It seems now that there is only one drug for intravenous induction treatment of aspergillosis and mucormycosis coinfection and it is amphotericin B. But there is no accurate information about the duration and dosage of treatment in these cases. Posaconazole is only oral secure medication for treating aspergillosis–mucormycosis coinfection.[2]

In conclusion, in immunodeficient people, especially patients with hematologic malignancies with deep neutropenia, signs and symptoms of refractory infection or relapse of invasive fungal infections should prompt the clinicians to consider coinfection or consecutive fungal infections with two different types of molds.

Declaration of patient consent

The authors certify that they have obtained all appropriate patient consent forms. In the form the patient(s) has/have given his/her/their consent for his/her/their images and other clinical information to be reported in the journal. The patients understand that their names and initials will not be published and due efforts will be made to conceal their identity, but anonymity cannot be guaranteed.

Acknowledgment

None.

Financial support and sponsorship

Nil.

Conflicts of interest

There are no conflicts of interest.



 
   References Top

1.
Vaidya D, Shah P. Coinfection by Aspergillus and zygomycetes species in a case of acute rhinosinusitis. Case Rep Otolaryngol 2011;2011. doi: 10.1155/2011/382473.  Back to cited text no. 1
    
2.
Bergantim R, Elisabete R, Fernanda T, Guimarães JE. Invasive coinfection with Aspergillus and Mucor in a patient with acute myeloid leukemia. Clin Drug Investig 2013;33:S51-5.  Back to cited text no. 2
    
3.
Warpe BM. Pulmonary aspergillosis and mucormycosis in an Immunocompetent type 1 diabetic patient with past history of healed tuberculosis. J Diabetol 2015;2:4.  Back to cited text no. 3
    
4.
Rit K, Saha R, Dey R, Barik G. Rhino-oculo-cerebral Aspergillus and Mucor coinfections in an immunocompromised patient with type 2 diabetes mellitus. Med J DY Patil Univ 2014;7:486-8.  Back to cited text no. 4
  [Full text]  
5.
Mahadevaiah AH, Rajagopalan N, Patil M, Shivaprasad C. Coinfection of pulmonary mucormycosis and aspergillosis presenting as bilateral vocal cord palsy. BMJ Case Rep 2013;2013. doi: 10.1136/bcr-2013-009615.  Back to cited text no. 5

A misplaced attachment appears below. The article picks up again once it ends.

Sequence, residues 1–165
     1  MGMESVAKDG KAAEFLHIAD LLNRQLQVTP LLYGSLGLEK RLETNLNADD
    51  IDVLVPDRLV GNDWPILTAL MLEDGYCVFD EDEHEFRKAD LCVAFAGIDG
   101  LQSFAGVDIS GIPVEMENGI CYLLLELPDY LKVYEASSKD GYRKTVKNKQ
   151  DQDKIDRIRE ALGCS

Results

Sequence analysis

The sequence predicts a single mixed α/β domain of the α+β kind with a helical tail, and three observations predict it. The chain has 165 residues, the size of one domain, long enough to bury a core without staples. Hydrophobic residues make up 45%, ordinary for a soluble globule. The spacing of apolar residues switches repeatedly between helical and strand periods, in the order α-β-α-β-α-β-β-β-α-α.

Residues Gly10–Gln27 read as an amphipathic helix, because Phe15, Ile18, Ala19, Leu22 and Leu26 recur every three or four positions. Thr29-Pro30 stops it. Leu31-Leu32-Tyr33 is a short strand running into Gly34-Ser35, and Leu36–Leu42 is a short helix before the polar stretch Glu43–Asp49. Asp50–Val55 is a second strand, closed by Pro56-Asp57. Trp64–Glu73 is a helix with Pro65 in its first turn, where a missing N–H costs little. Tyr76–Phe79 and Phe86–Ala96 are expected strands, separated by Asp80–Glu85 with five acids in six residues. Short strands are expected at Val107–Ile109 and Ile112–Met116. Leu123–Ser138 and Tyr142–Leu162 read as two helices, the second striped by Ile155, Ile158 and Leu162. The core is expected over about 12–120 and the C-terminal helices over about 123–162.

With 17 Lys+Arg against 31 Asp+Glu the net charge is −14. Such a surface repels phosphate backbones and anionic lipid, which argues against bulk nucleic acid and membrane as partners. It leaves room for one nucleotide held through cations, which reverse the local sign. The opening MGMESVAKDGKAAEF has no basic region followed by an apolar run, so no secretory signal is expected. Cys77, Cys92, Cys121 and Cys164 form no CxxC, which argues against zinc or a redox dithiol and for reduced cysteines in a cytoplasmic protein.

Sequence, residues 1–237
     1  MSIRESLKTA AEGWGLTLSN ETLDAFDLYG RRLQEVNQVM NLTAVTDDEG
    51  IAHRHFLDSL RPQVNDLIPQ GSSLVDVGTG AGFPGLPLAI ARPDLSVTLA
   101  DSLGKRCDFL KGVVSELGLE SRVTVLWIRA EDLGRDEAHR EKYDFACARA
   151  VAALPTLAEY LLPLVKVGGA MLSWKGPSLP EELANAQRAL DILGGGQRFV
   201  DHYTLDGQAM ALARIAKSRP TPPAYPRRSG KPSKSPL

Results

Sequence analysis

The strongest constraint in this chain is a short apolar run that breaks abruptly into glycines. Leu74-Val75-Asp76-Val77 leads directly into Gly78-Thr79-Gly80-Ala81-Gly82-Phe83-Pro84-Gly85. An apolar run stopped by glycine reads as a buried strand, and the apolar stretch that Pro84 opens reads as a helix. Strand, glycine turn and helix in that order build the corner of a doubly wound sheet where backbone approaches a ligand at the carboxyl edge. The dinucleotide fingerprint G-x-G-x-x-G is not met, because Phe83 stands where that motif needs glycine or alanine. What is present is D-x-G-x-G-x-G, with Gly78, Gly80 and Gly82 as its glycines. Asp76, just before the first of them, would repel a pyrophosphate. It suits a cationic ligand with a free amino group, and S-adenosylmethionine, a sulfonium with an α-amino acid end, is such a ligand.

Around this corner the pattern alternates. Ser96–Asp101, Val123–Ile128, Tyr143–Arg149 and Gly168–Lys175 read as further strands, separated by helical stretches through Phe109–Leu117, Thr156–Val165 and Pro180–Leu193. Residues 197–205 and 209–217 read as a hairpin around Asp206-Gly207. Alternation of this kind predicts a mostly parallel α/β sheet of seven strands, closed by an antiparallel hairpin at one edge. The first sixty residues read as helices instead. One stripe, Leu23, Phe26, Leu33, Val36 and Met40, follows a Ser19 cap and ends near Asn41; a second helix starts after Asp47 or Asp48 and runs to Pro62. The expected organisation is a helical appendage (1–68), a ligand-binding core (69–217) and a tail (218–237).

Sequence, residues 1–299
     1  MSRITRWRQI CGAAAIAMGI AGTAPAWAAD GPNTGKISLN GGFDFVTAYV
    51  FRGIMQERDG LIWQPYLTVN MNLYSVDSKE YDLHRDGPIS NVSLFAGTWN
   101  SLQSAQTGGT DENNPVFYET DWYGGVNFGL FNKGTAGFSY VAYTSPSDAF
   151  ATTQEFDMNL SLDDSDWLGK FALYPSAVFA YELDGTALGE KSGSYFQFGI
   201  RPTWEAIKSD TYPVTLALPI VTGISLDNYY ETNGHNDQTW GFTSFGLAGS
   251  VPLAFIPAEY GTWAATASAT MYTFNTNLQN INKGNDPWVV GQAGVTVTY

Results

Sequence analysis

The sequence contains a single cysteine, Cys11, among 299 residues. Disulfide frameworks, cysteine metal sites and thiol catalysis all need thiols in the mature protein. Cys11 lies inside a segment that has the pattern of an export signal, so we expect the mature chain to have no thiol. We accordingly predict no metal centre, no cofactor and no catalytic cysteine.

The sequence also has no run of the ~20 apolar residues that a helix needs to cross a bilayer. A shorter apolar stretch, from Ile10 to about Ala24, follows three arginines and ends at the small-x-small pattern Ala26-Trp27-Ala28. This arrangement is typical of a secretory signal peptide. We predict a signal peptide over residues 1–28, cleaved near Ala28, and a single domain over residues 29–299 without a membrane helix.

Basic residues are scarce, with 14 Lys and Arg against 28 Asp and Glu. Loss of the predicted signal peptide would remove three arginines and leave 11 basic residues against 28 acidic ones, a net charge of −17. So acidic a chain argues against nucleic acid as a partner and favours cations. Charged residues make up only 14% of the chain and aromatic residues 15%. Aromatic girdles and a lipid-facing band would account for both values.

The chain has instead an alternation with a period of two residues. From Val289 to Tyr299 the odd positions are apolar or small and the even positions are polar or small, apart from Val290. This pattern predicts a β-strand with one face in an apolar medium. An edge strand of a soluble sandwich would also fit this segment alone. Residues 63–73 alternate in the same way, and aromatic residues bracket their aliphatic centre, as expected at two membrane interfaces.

6.
Maiorano E, Favia G, Capodiferro S, Montagna MT, Lo Muzio L. Combined mucormycosis and aspergillosis of the oro-sinonasal region in a patient affected by Castleman disease. Virchows Arch 2005;446:28-33.  Back to cited text no. 6
    
7.
Aggarwal D, Chander J, Janmeja A, Katyal R. Pulmonary tuberculosis and mucormycosis co-infection in a diabetic patient. Lung India 2015;32:53-5.  Back to cited text no. 7
[PUBMED]  [Full text]  
8.
Guo J, Sun Y, Man Y, Huang X, Qin Q, Zhou D, et al. Coinfection of Strongyloides stercoralis and Aspergillus found in bronchoalveolar lavage fluid from a patient with stubborn pulmonary symptoms. J Thorac Dis 2015;7:E43-6.  Back to cited text no. 8
    
9.
Henn A, Mellon G, Henry B, Roos-Weil D, Jauréguiberry S, Mordant P, et al. Disseminated cryptococcosis, invasive aspergillosis, and mucormycosis in a patient treated with alemtuzumab for chronic lymphocytic leukaemia. Scand J Infect Dis 2014;46:231-4.  Back to cited text no. 9
    
10.
Lewis RE, Lortholary R, Spellberg B, Roilides E, Kontoyiannis DP, Walsh TJ. How does antifungal pharmacology differ for mucormycosis versus aspergillosis. Clin Infect Dis 2012;54:67-72.  Back to cited text no. 10
    


    Figures

  [Figure 1], [Figure 2], [Figure 3], [Figure 4]


This article has been cited by
1 Cytarabine/daunorubicin
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[Pubmed] | [DOI]